I realized recently that for the last year or so, I arrive at the end of each day thoroughly worn out from having filled my mind and hours with things that I care so very deeply about. There’s a certain kind of exhaustion that comes from boredom and despair – I am incredibly privileged to be in a place now where I am consumed by the pursuit of what I love instead trying to slough through what I do not. I feel constantly occupied by my vision, so I know I must be living in it.
Q: If there were no barriers to entry, what is one thing you would be doing?
I’d be a showrunner of a show I created.
Q: What has been big your biggest obstacle in achieving your vision?
Figuring out what my vision is! I think it’s really easy, especially as an actor and a woman, to get wrapped up in what other people think your vision should be. It took me a while to understand that what makes me happy is feeling empowered to tell stories that I care about. For me, that means being in control of what those stories are and how they are being told. Becoming a producer in addition to being an actor has made me feel like a more complete, happy artist. It took time to figure out that’s what I needed, though, particularly because it meant stepping off the path that is traditionally recognized as being the way to success for actors.
Q: What do you do to stay connected to your creative self?
My work demands that I show up to it with my creative self intact – sometimes, however, my creative energies can feel depleted or blocked. When that happens, traveling always reignites my creative self. “Traveling” can just be walking down an unfamiliar street or visiting a part of the city I’ve never been to before – anything that gets me out of the pattern of “knowing” and into a more curious mind frame.
Q: If you could let go of something that has held you back, what would it be?
Fear of making mistakes. For the love of Goddess – FAIL! Learning hurts so good.
Q: What is your favorite piece of art?
New York City.
Q: What person do you most admire, living or dead?
My parents. And Nelson Mandela.
Q: If you could be known and celebrated for one thing, what would it be?
Connecting people around the world through art.
Q: If you could describe yourself in one word what would it be?
Q: What is your guilty pleasure?
Online window shopping.
Q: If you could sit down with yourself 15 years ago, what would you say?
Ok – look. I know you love school. And you are very good at school! Keep being good at school – for now. Soon, you are going to have an opportunity to go to a great school. A great college, to be specific. But here’s the thing. No one is going to care if you are “good” or not. I dare you to ask a lot of questions and make a lot of mistakes. Take risks. Literally no one is going to look at your report card once you graduate so stop. playing. it. safe. Find out what happens when you lose control.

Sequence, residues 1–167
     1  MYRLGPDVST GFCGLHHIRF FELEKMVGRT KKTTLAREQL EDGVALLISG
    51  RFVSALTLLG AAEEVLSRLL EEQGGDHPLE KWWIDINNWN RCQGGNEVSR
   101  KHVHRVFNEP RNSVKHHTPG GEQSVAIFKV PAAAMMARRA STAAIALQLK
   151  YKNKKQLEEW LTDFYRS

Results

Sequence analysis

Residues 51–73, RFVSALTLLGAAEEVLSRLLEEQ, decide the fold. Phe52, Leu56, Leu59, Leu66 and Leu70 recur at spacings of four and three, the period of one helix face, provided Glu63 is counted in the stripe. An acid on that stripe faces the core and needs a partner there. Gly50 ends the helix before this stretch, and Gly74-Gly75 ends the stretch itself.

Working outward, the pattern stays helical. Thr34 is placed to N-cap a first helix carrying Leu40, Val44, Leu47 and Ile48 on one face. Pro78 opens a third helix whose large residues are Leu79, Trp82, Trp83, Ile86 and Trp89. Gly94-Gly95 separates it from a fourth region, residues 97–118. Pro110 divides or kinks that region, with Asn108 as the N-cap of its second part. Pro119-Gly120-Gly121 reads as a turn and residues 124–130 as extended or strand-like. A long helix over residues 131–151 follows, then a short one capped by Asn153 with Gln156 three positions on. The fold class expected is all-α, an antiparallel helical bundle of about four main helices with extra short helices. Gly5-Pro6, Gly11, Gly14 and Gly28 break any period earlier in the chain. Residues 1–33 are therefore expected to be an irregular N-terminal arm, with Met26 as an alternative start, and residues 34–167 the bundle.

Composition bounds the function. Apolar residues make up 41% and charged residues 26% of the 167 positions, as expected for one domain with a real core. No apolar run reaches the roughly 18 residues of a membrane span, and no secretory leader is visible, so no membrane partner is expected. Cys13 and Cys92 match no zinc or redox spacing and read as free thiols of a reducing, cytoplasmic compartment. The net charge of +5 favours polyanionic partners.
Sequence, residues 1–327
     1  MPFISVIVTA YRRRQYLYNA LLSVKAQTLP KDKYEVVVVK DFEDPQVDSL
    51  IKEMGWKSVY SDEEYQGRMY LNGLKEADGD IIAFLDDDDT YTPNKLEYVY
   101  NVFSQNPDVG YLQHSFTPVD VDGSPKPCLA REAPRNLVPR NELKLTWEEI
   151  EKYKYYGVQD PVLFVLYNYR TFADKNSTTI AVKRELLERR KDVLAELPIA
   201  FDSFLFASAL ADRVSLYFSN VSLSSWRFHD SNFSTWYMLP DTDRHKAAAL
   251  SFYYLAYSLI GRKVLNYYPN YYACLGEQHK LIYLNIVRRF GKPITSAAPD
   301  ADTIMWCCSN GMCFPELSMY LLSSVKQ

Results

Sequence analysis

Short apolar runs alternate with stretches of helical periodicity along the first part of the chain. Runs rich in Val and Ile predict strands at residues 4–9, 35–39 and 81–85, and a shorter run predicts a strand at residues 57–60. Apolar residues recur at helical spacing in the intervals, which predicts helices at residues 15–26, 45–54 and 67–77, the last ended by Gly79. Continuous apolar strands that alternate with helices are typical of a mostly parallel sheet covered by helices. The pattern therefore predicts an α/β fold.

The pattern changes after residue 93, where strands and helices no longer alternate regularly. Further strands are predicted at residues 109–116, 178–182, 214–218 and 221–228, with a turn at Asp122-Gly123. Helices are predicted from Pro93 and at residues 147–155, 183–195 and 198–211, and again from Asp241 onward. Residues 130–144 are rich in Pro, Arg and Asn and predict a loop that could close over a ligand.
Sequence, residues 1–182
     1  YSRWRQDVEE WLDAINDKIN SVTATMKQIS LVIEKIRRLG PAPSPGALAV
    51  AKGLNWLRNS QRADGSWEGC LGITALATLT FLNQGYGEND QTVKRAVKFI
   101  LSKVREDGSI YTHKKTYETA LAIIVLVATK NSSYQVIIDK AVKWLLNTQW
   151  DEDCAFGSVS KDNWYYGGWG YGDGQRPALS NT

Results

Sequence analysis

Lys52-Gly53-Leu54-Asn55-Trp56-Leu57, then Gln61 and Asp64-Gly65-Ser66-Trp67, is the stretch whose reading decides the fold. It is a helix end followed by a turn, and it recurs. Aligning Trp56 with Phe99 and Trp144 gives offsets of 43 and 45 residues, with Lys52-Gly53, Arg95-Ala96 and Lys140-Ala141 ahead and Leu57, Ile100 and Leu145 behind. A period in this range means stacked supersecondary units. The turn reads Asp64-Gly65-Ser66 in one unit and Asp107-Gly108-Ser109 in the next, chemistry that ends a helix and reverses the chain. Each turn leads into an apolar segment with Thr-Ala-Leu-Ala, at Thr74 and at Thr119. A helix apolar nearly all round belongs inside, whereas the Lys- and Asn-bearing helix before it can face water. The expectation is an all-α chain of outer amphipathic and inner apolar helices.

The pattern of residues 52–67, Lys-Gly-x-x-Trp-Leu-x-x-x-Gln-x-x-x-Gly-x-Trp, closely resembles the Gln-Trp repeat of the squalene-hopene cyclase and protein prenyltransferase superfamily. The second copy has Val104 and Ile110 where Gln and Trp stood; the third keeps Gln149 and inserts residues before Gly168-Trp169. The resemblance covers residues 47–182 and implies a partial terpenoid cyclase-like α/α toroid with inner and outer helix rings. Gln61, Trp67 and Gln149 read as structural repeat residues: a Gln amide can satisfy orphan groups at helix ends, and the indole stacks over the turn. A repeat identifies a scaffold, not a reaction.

Q: Where would you most like to live?
New York City. With an apartment in Paris and one in Cape Town, please.
Q: What is your idea of success?
When the wishful purpose behind making a piece of art comes true. For months, sometimes years, you can sit in a room with your collaborators and talk about why what you’re doing is important, the audience you’re making it for, what you hope people will feel and think afterwards … when you finally put it out there in the world and a total stranger takes the time to reflect back to you that you actually achieved the thing you set out to do – that is success to me. Fulfilling a specific purpose.
Q: What is your idea of happiness?
Doing what I love with people I love.
Q: Final Thoughts?
I feel incredibly privileged to have a choice in how I spend my time and how I make a living. That choice is not something I take for granted. I ask myself on a fairly regular basis, “Is this still what you want to do?” It’s important to me to continue to answer that question honestly. This is not exactly the most stable or financially sound profession I have chosen. I always hate it when people say “if there’s anything else you can do, do it.” There are lots of other things I could do! But I don’t want to. I honor my choice in that, and the privilege that is the pursuit of my own happiness. If being an artist stops making me happy, I’ll choose something else that does. Until then ..